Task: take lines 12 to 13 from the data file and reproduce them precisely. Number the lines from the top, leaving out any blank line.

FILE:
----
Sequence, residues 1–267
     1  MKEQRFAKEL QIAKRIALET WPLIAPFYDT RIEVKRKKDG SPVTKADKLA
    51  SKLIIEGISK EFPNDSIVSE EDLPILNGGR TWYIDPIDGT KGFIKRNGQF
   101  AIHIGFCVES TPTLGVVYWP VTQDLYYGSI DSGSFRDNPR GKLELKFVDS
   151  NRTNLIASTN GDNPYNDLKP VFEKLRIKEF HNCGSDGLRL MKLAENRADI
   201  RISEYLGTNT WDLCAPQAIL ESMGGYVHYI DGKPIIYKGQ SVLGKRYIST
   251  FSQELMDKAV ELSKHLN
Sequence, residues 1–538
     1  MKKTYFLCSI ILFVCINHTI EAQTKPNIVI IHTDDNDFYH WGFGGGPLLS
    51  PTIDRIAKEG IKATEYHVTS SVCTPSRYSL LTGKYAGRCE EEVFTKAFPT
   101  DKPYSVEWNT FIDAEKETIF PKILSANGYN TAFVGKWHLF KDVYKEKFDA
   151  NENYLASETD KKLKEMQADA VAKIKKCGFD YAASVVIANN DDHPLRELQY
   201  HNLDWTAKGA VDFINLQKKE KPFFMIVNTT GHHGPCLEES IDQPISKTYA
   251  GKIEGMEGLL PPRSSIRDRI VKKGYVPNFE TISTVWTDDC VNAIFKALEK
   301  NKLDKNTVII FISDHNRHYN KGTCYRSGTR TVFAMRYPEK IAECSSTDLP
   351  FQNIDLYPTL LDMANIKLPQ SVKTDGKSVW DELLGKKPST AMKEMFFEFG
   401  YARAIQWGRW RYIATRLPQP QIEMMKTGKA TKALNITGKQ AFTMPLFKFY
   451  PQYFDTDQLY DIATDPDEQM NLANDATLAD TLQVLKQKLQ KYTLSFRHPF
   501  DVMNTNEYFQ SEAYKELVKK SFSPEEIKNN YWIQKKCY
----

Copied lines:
   151  NENYLASETD KKLKEMQADA VAKIKKCGFD YAASVVIANN DDHPLRELQY
   201  HNLDWTAKGA VDFINLQKKE KPFFMIVNTT GHHGPCLEES IDQPISKTYA